In the last three years we have sometimes been able to see my dad through Skype and talk to him from prison when it is organised by the Red Cross.

As it is such a long distance call there are many difficulties with the calls and it has cut off a number of times without us being able to see our dad.

Inmates at Guantanamo Bay

The first time we were all very shy to talk to our dad because it had been so long and we had no contact for more than 10 years.

Due to these few calls that we have had we have slightly got to know our dad and he has got to know us.

However, it is still not enough to just speak through Skype while people in the prison are listening to us.

What we want most is to have our dad home so that we can be a family and so that my mum can finally be with him.

Guantanamo Bay Detention Camp

During these years sometimes my mum gets ill and I try to do everything I can to help her get better but it's my dad she needs.

Now I am 17 and studying for my A-levels, I truly aspire to do well so that my dad will be happy and see that I am trying to become educated and strong like he is, even though he is not here to help me.

But we all hope that he is released soon so that we can be a normal family again.

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Shaker Aamer was arrested in Afghanistan soon after the 9/11 terror attacks in America in 2001.

He was suspected of being a "close associate" of Osama Bin Laden.

He denies that and says he was in the country doing charity work.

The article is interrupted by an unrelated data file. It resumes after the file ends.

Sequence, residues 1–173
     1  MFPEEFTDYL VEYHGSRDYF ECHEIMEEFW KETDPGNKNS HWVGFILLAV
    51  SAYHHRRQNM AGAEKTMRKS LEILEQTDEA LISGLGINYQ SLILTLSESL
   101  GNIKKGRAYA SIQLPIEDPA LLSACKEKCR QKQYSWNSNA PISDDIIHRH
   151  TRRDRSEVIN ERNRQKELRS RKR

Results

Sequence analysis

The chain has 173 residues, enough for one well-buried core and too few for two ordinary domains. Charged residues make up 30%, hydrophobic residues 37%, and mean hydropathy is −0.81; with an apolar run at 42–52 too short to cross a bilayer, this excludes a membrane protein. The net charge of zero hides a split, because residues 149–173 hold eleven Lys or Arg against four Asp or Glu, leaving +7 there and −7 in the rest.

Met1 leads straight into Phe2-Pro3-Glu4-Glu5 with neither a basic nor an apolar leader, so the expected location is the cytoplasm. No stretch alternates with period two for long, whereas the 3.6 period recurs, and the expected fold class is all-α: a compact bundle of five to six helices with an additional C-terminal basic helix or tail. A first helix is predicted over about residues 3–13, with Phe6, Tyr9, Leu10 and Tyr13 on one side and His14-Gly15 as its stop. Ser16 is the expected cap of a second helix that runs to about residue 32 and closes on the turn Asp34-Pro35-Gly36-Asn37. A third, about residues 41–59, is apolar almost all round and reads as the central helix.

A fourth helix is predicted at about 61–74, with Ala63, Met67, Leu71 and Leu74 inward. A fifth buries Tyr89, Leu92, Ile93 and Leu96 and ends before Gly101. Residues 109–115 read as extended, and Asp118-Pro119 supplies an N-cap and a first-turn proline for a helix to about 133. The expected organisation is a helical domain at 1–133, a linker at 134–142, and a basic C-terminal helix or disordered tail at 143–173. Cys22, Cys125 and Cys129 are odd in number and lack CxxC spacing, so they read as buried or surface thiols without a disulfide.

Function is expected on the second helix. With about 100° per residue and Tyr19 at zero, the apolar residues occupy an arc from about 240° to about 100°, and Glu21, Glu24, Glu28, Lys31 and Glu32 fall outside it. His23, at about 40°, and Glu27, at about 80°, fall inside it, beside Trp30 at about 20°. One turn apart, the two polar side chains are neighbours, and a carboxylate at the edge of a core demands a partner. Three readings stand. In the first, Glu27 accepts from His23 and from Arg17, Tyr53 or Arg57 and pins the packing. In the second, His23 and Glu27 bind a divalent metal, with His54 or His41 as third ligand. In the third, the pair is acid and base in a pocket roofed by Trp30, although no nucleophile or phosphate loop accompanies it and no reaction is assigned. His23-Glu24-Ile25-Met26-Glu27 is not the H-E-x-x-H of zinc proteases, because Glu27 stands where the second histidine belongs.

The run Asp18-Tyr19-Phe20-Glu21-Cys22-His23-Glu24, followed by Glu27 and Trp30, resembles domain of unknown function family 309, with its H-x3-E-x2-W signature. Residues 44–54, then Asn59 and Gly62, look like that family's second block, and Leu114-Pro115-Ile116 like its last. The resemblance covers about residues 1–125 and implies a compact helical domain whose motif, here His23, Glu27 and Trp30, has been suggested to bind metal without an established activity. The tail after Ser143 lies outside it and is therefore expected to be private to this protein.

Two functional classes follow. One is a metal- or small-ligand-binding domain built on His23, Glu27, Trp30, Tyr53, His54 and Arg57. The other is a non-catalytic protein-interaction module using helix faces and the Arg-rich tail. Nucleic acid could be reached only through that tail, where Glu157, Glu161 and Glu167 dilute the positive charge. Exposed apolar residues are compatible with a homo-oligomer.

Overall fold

The UK government has called for Shaker Aamer's release on several occasions.

A spokesperson told Newsbeat: "This case remains a high priority for the UK government and we continue to make clear to the US that we want him released and returned to the UK as a matter of urgency.

"Any decision regarding Mr Aamer's release ultimately remains in the hands of the United States government."

Barack Obama and David Cameron

David Cameron is meeting Barack Obama in America this week and many hope he will use the opportunity to discuss the case.

President Obama says he wants to close the camp but other politicians in America want to block that move.

The Joint Task Force Guantanamo - which runs the facility - has told Newsbeat there are 127 prisoners currently being held there. They say there is no change in Shaker Aamer's situation.

Guantanamo Bay sign

Mr Aamer has spent months in Guantanamo Bay on hunger strike and in solitary confinement.

In a letter in 2005 he described the effect it's having on his physical and mental health.

"I have got kidney problems from the filthy yellow water. I have ruined eyes from the permanent, 24-hour fluorescent lights. I have tinnitus in my ears from the permanent noise.

"I have been made paranoid, so that I can trust nobody. I would just like to die quietly, by myself."

Shaker Aamer is thought to have been one of 16 men who received compensation from the government after claiming to have been tortured by American officers while British personnel were present.